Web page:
Minerals for Climate Action: The Mineral Intensity of the Clean Energy Transition

Hund, K., La Porta, D., Fabregas, T., Laing, T. and Drexhage, J. (2020) Minerals for Climate Action: The Mineral Intensity of the Clean Energy Transition. International Bank for Reconstruction and Development / The World Bank.

Limiting global warming to 1.5°C–2°C as outlined by the Paris Agreement, and achieving Sustainable Development Goals 7 and 13, will require a large-scale shift to clean energy, provided by solar panels, wind turbines and batteries.

In a report released on 11 May 2020, the World Bank forecast that this will shape the supply and demand of critical minerals for the foreseeable future, with low-carbon energy sources significantly more mineral-intensive than their fossil-fuel-based counterpart technologies.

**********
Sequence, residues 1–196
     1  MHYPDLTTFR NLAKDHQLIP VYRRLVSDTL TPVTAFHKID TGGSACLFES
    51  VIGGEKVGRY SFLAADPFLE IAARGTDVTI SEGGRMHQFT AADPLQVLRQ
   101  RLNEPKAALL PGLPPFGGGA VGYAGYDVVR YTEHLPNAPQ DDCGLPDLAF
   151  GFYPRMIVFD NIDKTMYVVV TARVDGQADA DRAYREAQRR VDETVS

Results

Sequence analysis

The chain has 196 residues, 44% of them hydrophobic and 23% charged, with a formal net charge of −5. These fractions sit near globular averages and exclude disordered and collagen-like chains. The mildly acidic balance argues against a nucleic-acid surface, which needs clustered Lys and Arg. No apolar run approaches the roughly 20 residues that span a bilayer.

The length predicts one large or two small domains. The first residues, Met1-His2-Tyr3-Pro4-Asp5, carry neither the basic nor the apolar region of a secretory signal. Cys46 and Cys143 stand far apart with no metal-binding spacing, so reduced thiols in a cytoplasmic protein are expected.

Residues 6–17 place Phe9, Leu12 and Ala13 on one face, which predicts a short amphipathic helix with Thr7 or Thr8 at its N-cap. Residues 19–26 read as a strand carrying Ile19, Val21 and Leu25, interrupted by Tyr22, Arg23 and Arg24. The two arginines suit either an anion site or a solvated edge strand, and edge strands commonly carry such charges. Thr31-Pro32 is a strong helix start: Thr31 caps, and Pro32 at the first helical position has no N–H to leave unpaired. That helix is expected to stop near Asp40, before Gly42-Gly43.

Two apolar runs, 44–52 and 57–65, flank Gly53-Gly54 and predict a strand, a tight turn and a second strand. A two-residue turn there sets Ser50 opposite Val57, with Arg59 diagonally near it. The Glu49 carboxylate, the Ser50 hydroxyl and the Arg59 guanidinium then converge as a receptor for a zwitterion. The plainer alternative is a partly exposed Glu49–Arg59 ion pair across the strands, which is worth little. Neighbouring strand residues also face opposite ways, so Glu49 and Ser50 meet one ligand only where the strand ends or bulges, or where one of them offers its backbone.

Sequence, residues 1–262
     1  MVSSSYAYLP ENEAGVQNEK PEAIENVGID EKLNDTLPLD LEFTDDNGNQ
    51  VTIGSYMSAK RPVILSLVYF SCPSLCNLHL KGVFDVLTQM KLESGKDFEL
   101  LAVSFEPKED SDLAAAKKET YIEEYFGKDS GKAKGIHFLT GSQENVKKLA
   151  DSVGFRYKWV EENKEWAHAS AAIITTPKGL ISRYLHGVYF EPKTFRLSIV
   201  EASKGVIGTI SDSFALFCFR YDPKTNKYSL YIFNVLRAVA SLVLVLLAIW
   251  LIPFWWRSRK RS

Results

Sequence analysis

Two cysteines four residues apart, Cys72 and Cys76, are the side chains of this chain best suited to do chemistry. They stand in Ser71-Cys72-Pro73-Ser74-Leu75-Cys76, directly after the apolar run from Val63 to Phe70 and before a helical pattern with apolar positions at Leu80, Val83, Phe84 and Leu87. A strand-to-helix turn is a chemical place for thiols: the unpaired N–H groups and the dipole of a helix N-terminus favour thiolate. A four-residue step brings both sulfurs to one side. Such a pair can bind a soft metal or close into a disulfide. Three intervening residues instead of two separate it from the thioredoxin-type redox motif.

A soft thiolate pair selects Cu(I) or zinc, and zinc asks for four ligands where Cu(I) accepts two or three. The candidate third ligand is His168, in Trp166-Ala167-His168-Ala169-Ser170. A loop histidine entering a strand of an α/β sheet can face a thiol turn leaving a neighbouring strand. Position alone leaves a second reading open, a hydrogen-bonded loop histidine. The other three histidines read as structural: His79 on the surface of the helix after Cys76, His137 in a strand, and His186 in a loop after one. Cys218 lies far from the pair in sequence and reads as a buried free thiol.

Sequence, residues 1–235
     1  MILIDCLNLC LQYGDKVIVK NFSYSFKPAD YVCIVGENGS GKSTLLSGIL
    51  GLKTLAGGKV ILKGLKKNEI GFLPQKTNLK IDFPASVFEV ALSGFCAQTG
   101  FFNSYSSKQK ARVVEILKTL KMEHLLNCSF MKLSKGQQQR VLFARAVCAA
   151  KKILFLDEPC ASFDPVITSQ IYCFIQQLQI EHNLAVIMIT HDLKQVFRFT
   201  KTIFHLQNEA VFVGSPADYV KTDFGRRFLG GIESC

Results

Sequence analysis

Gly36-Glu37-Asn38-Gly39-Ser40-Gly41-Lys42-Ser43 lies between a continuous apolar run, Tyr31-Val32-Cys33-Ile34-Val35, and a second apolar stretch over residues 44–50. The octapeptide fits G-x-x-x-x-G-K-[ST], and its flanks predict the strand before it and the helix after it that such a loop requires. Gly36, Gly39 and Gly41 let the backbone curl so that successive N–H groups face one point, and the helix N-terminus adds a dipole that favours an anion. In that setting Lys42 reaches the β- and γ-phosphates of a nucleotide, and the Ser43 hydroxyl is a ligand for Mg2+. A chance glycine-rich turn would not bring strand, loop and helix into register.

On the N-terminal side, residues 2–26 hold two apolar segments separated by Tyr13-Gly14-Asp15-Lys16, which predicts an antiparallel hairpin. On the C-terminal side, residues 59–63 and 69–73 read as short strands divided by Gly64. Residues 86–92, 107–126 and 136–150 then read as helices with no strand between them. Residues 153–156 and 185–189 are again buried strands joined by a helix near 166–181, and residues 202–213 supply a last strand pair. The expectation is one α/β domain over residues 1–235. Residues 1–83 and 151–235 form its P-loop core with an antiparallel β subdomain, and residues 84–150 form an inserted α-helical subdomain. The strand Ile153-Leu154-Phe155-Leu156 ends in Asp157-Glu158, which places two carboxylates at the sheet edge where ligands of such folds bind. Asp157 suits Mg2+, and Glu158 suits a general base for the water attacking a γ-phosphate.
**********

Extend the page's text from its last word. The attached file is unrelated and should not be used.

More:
Under a 2-degree scenario (2DS) as discussed above, production of graphite, lithium, and cobalt will need to be increased by more than 450 per cent by 2050 – from 2018 levels – to meet demand. These projections are a conservative estimate, not taking in account the associated infrastructure needed to support the deployment of these technologies or the physical parts.

The report provides an analysis of how the shift to a cleaner energy system could impact mineral demand, and considers the actions that each stakeholder can take to minimize the negatives repercussions of this process.

The full report can be found here.